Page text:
Editor-In-Chief: C. Michael Gibson, M.S., M.D. 
Chemical polarity, also known as bond polarity or simply polarity, is a concept in chemistry which describes how equally bonding electrons are shared between atoms. It is a physical property of compounds and affects other physical properties such as solubility, melting points and boiling points. Polarity also affects intermolecular forces, leading to some compounds or molecules within compounds being labelled as polar or non-polar.
Polarity refers to the dipole-dipole intermolecular forces between the slightly positively-charged end of one molecule to the negative end of another or the same molecule. Molecular polarity is dependent on the difference in electronegativity between atoms in a compound and the asymmetry of the compound's structure. For example, water is thought to be polar because of the uneven sharing of its electrons. However, methane is considered non-polar because the carbon shares the hydrogen molecules uniformally.
Electrons are not always shared equally between two bonding atoms: one atom might exert more of a force on the electron cloud than the other. This "pull" is termed electronegativity and measures the attraction for electrons a particular atom has. The unequal sharing of electrons within a bond leads to the formation of an electric dipole: a separation of positive and negative electric charge.
Atoms with high electronegativities - such as fluorine, oxygen, and nitrogen - exert a greater pull on electrons than atoms with lower electronegativities. In a bonding situation this can lead to unequal sharing of electrons between atoms as electrons will spend more time closer to the atom with the higher electronegativity.
Bonds can fall between one of two extremes - being completely non-polar or completely polar. A completely non-polar bond occurs when the electronegativities are identical and therefore possess a difference of zero. A completely polar bond is more correctly termed ionic bonding and occurs when the difference between electronegativities is large enough that one atom takes an electron from the other. The terms "polar" and "non-polar" bonds usually refer to covalent bonds. To determine the polarity of a covalent bond using numerical means, the difference between the electronegativity of the atoms is taken, if the result is between 0.5 and 2 then, generally, the bond is polar.
Polarity of molecules
A compound is composed of one or more chemical bonds between different atoms. The polarity of each bond within the compound may determine the overall polarity of the compound: how polar or non-polar it is.
A polar molecule may be polar as a result of polar bonds or as a result of an asymmetric arrangement of non-polar bonds and non bonding pairs of electrons.
Example 1. A polar molecule by virtue of polar bonds (bonds which have unequal sharing of electrons between the two atoms involved in bonding), e.g hydrogen fluoride, HF, where the bonding pair of electron is displaced towards the more electronegative fluorine atom.
Example 2. In ammonia, NH3, the three N-H bonds have only a slight polarity (towards the more electronegative nitrogen atom), however the lone pair of electrons (pointing towards the fourth apex of the approximate tetrahedron, (VSEPR) is electron rich and results in a powerful dipole across the whole ammonia molecule.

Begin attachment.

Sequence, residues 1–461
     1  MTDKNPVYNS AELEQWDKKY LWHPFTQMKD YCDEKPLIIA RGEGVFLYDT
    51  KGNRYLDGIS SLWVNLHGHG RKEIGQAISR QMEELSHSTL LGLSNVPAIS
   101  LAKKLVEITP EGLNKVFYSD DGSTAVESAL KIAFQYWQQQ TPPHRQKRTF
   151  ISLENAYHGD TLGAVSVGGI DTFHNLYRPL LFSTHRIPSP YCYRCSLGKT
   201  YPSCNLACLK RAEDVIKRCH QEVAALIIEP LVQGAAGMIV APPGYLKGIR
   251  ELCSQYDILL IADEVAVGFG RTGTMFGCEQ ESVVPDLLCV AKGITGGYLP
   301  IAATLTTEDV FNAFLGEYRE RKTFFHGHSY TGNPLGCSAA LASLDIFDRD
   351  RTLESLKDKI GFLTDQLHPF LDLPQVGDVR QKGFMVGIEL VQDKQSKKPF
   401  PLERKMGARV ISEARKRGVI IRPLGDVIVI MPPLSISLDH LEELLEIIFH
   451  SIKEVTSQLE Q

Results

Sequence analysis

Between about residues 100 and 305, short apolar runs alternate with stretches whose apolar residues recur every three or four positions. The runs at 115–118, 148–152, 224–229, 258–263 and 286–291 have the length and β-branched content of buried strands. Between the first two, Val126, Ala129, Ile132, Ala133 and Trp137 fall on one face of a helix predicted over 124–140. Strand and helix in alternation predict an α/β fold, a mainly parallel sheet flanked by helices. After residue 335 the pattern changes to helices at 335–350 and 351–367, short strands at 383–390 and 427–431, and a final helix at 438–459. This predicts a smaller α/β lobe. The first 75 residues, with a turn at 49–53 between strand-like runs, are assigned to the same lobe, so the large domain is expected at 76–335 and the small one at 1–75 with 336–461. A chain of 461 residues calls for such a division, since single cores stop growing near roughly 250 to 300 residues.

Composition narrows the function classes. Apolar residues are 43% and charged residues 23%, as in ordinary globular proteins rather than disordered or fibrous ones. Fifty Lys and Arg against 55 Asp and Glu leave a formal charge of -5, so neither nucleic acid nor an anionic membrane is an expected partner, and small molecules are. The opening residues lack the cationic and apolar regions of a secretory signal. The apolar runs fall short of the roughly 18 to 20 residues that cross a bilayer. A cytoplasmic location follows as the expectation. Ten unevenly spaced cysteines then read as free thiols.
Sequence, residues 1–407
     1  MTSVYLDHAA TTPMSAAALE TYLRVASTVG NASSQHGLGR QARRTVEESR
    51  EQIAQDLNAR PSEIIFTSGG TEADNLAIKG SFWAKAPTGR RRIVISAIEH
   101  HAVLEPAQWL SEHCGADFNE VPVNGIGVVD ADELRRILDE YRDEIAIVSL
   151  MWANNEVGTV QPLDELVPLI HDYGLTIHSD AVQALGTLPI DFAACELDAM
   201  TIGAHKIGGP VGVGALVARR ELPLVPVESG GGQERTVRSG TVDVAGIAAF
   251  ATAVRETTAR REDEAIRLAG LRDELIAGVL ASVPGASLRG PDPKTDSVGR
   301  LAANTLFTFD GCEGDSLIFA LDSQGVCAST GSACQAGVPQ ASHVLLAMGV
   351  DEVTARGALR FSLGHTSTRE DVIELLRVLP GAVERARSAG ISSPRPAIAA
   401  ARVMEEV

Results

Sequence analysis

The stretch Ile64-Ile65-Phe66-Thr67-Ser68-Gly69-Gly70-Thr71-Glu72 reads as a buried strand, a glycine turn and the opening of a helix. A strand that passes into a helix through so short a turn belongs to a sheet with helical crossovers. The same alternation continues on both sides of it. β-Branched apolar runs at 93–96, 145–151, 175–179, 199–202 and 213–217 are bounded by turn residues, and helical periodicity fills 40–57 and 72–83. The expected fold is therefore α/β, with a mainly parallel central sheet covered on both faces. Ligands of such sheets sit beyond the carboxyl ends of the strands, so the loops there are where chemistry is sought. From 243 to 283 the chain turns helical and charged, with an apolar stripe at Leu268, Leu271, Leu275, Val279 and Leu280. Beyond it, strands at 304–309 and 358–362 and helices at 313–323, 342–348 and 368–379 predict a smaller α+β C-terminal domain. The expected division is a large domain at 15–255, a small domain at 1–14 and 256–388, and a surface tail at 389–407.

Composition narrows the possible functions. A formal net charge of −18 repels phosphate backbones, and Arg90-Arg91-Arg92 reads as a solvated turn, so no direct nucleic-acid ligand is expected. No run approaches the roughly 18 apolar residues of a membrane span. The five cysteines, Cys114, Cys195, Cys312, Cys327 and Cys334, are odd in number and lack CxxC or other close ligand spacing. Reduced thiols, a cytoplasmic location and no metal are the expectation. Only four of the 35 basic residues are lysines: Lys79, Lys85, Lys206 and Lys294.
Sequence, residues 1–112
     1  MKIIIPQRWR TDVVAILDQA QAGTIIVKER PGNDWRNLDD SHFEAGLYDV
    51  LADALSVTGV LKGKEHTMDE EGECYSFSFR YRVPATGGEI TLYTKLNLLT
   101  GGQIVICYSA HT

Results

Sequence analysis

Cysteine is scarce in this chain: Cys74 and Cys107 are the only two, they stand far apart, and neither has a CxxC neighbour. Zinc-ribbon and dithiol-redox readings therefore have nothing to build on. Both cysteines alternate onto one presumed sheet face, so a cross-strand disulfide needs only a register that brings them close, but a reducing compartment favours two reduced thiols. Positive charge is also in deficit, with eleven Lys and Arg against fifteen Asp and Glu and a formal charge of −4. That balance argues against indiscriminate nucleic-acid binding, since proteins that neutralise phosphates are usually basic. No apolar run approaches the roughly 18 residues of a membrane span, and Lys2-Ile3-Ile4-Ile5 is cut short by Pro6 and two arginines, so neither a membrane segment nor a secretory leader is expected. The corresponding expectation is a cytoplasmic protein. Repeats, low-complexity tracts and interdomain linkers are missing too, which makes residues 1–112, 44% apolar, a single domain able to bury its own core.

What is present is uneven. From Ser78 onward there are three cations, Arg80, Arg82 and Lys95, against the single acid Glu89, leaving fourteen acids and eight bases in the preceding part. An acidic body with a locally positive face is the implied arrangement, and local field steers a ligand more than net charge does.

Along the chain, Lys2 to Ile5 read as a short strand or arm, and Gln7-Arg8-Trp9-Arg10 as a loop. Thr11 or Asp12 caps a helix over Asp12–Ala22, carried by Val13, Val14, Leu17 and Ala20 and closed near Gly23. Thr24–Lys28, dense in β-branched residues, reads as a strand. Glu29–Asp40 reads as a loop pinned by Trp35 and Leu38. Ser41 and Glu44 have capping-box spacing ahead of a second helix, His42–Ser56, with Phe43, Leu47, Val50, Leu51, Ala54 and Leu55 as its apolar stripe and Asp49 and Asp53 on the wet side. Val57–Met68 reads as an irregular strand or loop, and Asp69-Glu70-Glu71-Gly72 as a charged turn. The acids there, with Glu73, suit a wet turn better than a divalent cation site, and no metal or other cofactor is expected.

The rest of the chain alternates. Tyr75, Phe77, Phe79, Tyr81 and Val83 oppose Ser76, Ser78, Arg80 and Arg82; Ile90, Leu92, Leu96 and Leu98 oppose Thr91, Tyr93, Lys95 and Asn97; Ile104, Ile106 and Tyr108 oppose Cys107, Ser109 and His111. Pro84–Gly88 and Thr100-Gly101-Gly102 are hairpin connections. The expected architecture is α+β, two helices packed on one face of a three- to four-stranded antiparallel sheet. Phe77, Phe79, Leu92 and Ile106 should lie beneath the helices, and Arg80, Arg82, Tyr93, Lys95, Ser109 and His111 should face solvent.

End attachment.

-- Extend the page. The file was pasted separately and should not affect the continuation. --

A non-polar compound may be non polar because there is (almost) no polarity in the bonds or because of the symmetrical arrangement of polar bonds.
Example 3. Methane, CH4 The four C-H bonds, arranged tetrahedrally around the carbon atom, have very little polarity in the bonds and so there is no dipole in the molecule.
Example 4. BF3, boron trifluoride has a trigonal planar arrangement of three polar bonds at 120o This results in no overall dipole in the molecule.
Properties and examples
While molecules can be described as "polar," "non-polar," or "semi-polar," it must be noted that this is often a relative term, with one molecule simply being more polar or more non-polar than another. As such, there are no ultimate properties which can be ascribed to polar or non-polar molecules. However, the following properties are typical of such molecules.
Examples of household polar molecules include ammonia and sugar (glucose). Polar molecules are generally able to dissolve in water (hydrophilic) due to the polar nature of water - like dissolves like. Polar molecules have slightly positive and slightly negatively charged ends.
Examples of household non-polar compounds include fats, oil and petrol. Most non-polar molecules are water insoluble (hydrophobic) at room temperature. However many non-polar organic solvents, such as turpentine, are able to dissolve non-polar substances - like dissolves like.
When comparing a polar and non-polar molecule with similar molar masses, the polar molecule generally has a higher boiling point, because of the dipole-dipole interaction between their molecules.
Predicting molecule polarity
|HAx||Molecules with a single H||HCl|
|AxOH||Molecules with an OH at one end||C2H5OH|
|OxAy||Molecules with an O at one end||H2O|
|NxAy||Molecules with an N at one end||NH3|
|CxAy||Most carbon compounds||CO2|
Electronegativity difference predictions
Non-polar covalent bond: 0.0-0.4
Slightly polar bond: 0.5-0.9
Moderately polar bond: 1-1.3
Highly polar bond: 1.4-1.7
Slightly ionic bond: 1.8-2.2
Ionic Bond: 2.3+
- Covalent bond
- Chemical bonding
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